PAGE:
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DrugPolicyPanel

Please join our panel as we discuss the "War on Drugs" which has turned into a war on communities (people of color and students), a major source of police corruption scandals for the past several decades and an endless supply of prisoners for the for profit prison system.

Jasmine Tyler
Jasmine L. Tyler is deputy director of national affairs, based in Washington, D.C. She advocates for policies that reduce racial disparities in the criminal justice system, increase access to social and health services, and treat people who use drugs with dignity. Jasmine's work has included grassroots and grasstops organizing across the political spectrum, public speaking, and media appearances. She is one of the leaders of the Crack the Disparity Coalition, which works to equalize the penalties for crack and powder cocaine. Her work led directly to federal crack cocaine sentencing reform in 2010, including the first elimination of a mandatory minimum penalty since the 1970s. Her writing has appeared in the Los Angeles Times, the Economist, Huffington Post and other national media outlets. Prior to joining DPA, Jasmine worked as research director for the Justice Policy Institute. She has also worked as a sentencing advocate collaborating with public defenders in Washington, D.C. and Fairfax, VA. She received a B.S. from James Madison University and M.A. from Brown University, both in sociology.

 

Norm Stamper
Norm Stamper was a police officer for 34 years, the first 28 in San Diego, the last six (from 1994-2000) as Seattle's police chief. In his 28 years with SDPD Norm rose quickly through the ranks and as a deputy chief served in each of the agency's bureaus. He also served as Executive Director of Mayor Pete Wilson's Crime Control Commission for three years. Norm received numerous awards and citations during his career in San Diego, including the Diogenes Award of the Public Relations Society of America for his leadership in the wake of the Rodney King incident and the subsequent Simi Valley trial verdicts.

As Seattle's police chief, Norm led a process of major organizational restructuring, creating new bureaus of Professional Responsibility, Community Policing, and Family and Youth Protection. Within months his agency had formed one of the country's best responses to domestic violence.

As a cop dedicated to protect and serve, Norm believes the war on drugs has done exactly the opposite for people. "Think of this war's real casualties:" Norm writes in his extraordinary new book, Breaking Rank, "tens of thousands of otherwise innocent Americans incarcerated, many for 20 years, some for life; families ripped apart; drug traffickers and blameless bystanders shot dead on city streets; narcotics officers assassinated here and abroad, with prosecutors, judges, and elected officials in Latin America gunned down for their courageous stands against the cartels; and all those dollars spent on federal, state, and local cops, courts, prosecutors, prisons, probation, parole, and pee-in-the-bottle programs. Even federal aid to bribe distant nations to stop feeding our habit." The war on drugs costs the United States more than 69 billion dollars each year.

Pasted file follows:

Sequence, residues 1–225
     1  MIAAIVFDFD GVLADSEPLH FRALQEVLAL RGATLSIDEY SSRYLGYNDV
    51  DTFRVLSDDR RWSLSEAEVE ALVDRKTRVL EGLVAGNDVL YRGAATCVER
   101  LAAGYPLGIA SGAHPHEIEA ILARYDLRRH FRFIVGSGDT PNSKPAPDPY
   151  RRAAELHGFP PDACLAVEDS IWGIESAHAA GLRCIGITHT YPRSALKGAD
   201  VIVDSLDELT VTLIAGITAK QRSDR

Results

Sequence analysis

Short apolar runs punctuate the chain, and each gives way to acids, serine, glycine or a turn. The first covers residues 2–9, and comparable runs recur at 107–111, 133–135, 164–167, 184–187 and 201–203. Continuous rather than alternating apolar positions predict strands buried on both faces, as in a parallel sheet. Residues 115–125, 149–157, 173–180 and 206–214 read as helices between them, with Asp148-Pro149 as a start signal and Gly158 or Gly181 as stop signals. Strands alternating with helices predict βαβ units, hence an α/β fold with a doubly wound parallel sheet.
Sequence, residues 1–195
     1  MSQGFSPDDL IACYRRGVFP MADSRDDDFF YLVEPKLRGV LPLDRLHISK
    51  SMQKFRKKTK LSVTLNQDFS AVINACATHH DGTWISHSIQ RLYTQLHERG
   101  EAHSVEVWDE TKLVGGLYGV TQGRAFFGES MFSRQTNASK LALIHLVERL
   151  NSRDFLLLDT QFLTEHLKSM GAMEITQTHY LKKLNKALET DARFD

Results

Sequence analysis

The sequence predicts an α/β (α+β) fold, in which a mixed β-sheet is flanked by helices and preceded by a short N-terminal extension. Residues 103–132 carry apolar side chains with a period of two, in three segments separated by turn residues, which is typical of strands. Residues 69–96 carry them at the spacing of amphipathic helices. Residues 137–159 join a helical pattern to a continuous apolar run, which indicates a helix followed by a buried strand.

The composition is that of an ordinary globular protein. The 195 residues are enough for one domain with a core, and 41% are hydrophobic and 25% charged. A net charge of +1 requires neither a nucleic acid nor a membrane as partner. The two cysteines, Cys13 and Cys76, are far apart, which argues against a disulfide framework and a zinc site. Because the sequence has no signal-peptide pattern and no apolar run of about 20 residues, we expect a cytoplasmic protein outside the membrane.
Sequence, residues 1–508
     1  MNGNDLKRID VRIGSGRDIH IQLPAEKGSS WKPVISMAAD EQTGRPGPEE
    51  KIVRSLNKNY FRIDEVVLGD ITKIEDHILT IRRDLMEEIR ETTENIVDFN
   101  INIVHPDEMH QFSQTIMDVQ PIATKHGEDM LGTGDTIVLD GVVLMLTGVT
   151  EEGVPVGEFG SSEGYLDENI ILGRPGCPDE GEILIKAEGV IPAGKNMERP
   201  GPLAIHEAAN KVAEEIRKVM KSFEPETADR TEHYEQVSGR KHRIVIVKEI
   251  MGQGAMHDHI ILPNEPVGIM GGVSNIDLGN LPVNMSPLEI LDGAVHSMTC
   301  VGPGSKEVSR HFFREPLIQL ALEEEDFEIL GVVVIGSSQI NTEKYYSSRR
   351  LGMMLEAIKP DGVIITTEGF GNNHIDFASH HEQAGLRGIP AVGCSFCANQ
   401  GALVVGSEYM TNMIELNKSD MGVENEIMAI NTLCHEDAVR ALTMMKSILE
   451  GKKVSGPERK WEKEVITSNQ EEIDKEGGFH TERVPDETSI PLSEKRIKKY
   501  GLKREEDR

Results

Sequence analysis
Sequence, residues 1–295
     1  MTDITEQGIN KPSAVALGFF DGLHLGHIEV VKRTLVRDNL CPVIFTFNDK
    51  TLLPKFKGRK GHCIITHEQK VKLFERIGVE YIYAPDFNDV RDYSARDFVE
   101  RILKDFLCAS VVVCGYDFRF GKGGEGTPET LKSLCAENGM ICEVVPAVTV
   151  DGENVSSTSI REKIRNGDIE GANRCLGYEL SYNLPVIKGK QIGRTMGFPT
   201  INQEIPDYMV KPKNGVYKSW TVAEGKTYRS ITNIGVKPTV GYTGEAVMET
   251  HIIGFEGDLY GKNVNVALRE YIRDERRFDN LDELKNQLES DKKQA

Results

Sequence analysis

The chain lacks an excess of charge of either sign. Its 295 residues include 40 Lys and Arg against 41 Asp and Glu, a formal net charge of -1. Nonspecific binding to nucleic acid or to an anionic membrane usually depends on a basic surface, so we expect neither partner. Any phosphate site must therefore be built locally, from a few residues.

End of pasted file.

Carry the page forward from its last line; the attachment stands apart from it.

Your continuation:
Norm was a member of the National Advisory Counsel on the Violence Against Women Act; Police Executive Research Forum; International Association of Chiefs of Police, and the Major Cities Chiefs.

Drew Stromberg
Drew Stromberg serves as Outreach Director for Students for Sensible Drug Policy (SSDP), where he tracks and advises student chapters for half of the United States and oversees chapter development for SSDP’s international network.  Prior to his official role on SSDP’s International staff, Drew founded the chapter at West Virginia University in 2009 and was instrumental in coordinating reform efforts in West Virginia during his tenure as chapter leader.

Jesselyn McCurdy
Jesselyn McCurdy is a Senior Legislative Counsel in the Washington Legislative Office (WLO) of the American Civil Liberties Union (ACLU) and is responsible for defending civil liberties in Congress and in the Executive Branch in the areas of criminal justice.  

Ms. McCurdy was a member of the ACLU WLO staff for five years before accepting a position as a Counsel with the U.S. House of Representatives Judiciary Committee’s Subcommittee on Crime, Terrorism, and Homeland Security.  She was the lead House counsel for the historic Fair Sentencing Act of 2010 when it passed Congress. Ms. McCurdy received a BA in Journalism and Political Science from Rutgers University and her JD from Catholic University of America, Columbus School of Law.

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